Feed the hungry

Congress has a moral duty to address needs of millions without enough food

Nearly 49 million Americans and 17.6 million U.S. households are food insecure. Nearly 17 million of these individuals are children, 5 million are seniors and 300,000 are elderly veterans. Last month, the United States Department of Agriculture (USDA) released a report stating that in the aftermath of the recession, food hardship remained extremely high as more than 8 million Americans lost their jobs. From the unemployed factory worker to the teacher who lives paycheck to paycheck, hunger and poverty affect every community in America. 

As ranking member of the House Agriculture Subcommittee on Department Operations, Oversight and Nutrition, it is my responsibility to ensure our federal government promotes policies that prevent hunger from spiraling out of control. Congress has a moral duty to address the physical and mental burden hunger causes. It deprives adults and children from living fuller and more productive lives. Our federal anti-hunger programs have been responsive and extremely successful in reducing this burden. They provide a safety net that prevents our communities from being overwhelmed by abject poverty. Unfortunately, House Republicans believe otherwise. 

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This week, Congress will debate a nutrition bill that will cut food assistance at the expense of our most vulnerable communities, many of which have been hit hardest by the economic downturn. Individuals who live in high unemployment areas will be particularly impacted by the new work regulations that do not reflect the reality of today’s economy. These cuts are unimaginable at a time when our national unemployment rate remains high and when African-American unemployment is at a staggering 13 percent. 

The need for food assistance is already greater than SNAP can fill, and food banks and charities have stepped up to the plate to address these additional needs. Demand for assistance at food banks has increased 46 percent during the recession, so it’s no surprise they are having a hard time keeping up with the current levels of need. Today, our anti-hunger organizations are preparing for an even greater demand caused by the elimination of the SNAP benefit boost provided by the American Recovery and Reinvestment Act that is set to occur this November. Instead of cutting these vital programs, Congress should be finding ways to make them more efficient and robust so they can feed more people, not fewer people.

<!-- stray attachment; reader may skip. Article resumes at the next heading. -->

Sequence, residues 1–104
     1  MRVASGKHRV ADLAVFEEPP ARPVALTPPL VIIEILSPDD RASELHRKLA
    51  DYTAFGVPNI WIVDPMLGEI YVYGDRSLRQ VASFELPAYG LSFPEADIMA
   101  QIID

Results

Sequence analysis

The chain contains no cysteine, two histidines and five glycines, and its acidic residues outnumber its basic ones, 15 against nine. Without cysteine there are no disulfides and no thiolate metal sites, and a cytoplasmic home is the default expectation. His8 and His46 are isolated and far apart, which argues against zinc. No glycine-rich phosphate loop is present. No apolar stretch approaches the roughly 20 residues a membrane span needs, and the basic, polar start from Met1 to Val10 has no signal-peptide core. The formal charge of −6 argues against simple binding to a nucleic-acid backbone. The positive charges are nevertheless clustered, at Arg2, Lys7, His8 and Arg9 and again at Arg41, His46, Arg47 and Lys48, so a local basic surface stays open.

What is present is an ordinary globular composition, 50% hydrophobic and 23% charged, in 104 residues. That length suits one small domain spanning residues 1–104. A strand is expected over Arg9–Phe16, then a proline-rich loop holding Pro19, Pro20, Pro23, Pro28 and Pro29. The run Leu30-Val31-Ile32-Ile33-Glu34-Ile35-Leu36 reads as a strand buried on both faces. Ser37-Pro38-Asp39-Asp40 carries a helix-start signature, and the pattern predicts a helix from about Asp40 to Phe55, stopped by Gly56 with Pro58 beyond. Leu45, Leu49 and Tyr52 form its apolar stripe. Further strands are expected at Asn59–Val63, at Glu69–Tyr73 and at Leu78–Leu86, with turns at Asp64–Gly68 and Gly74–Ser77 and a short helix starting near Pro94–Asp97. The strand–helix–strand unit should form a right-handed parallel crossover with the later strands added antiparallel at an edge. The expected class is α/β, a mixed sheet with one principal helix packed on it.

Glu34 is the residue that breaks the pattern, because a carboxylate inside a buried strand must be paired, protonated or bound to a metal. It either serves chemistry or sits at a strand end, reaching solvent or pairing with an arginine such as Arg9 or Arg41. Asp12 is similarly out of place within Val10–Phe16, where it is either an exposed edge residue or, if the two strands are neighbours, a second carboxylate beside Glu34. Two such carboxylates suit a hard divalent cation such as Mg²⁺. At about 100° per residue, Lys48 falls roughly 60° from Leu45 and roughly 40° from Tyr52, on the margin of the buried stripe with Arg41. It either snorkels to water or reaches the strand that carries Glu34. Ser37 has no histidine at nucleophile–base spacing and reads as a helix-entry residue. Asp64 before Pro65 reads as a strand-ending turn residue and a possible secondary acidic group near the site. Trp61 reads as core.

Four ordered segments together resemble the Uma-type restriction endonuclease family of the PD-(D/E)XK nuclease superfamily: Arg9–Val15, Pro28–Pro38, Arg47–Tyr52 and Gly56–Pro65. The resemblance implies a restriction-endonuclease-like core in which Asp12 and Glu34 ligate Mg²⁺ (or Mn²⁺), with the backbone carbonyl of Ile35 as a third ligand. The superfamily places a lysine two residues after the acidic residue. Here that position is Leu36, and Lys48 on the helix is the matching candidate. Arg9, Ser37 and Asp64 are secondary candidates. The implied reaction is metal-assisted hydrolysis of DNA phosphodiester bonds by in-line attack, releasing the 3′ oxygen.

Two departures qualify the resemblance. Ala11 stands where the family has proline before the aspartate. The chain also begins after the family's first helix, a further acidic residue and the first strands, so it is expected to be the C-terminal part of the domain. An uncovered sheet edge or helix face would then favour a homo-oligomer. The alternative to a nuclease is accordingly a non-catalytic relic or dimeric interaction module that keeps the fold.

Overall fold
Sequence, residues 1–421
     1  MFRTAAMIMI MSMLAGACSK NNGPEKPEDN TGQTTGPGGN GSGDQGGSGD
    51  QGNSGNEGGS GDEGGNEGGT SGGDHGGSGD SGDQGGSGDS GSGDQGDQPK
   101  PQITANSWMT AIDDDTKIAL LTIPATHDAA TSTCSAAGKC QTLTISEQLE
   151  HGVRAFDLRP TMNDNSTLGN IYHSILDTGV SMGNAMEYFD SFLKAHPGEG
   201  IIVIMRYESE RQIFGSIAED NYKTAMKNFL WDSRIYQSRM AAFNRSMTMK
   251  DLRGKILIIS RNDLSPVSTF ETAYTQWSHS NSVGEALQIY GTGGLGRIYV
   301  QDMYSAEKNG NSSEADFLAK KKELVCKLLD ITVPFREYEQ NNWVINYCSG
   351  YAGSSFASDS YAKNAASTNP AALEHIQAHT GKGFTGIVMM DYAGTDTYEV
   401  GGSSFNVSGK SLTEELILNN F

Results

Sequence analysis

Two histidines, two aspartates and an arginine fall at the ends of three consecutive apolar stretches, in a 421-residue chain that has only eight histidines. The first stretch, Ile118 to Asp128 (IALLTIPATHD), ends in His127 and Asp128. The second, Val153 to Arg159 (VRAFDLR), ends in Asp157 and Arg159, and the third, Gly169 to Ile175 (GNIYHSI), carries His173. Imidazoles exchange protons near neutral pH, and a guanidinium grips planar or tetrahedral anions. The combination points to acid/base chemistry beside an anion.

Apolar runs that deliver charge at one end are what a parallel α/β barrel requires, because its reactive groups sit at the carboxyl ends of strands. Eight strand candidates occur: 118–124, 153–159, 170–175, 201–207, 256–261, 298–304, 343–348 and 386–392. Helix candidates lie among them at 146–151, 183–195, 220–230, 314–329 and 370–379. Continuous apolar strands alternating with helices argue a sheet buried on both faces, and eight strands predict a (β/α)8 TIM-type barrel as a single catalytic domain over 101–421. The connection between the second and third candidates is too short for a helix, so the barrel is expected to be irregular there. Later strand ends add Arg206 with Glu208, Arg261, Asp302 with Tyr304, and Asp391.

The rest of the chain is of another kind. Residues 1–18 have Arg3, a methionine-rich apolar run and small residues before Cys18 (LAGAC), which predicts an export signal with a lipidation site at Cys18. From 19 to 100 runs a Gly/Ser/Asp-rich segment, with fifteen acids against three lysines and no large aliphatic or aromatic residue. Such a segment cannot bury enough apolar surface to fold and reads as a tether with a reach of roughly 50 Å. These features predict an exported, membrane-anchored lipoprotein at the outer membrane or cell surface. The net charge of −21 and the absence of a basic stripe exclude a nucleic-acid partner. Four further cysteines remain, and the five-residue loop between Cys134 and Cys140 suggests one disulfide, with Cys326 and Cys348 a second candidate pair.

Unfortunately, my counterparts in the Republican leadership disagree. Their nutrition bill not only eliminates $40 billion in assistance, but would also further stigmatize those who receive SNAP benefits. When it comes to hunger, so many people in our communities already suffer in silence. These terrible provisions would only codify the shaming and persecution of SNAP beneficiaries.

So, with such deep and targeted cuts, who will be left to fend for the hungry that fall by the wayside? Through the economic downturn, organizations have stepped up to prevent hunger from creating a cycle of poverty that devastates families and economically distresses communities. But many, if not most, of our charities and food banks have reached their limits in the number of meals they can serve. These organizations and the families they support are now looking to Congress to address the growing food insecurity by finding long-term solutions that close these gaps and protect our hunger programs. 

There is a clear path to making SNAP more efficient without harming the ability to meet the needs of the hungry. Instead of debating the Republican nutrition bill, Congress can take the farm bills passed in the House and Senate to conference so that we can work out the differences. This Republican nutrition bill does not address the harsh reality millions around this country already face. There are people who need our help. It’s time for us to place aside partisanship and do what’s right for the people we serve. 

Fudge, chairwoman of the CBC for the 113th Congress, has represented Ohio’s 11th Congressional District since 2008. She sits on the Agriculture and the Education and the Workforce committees.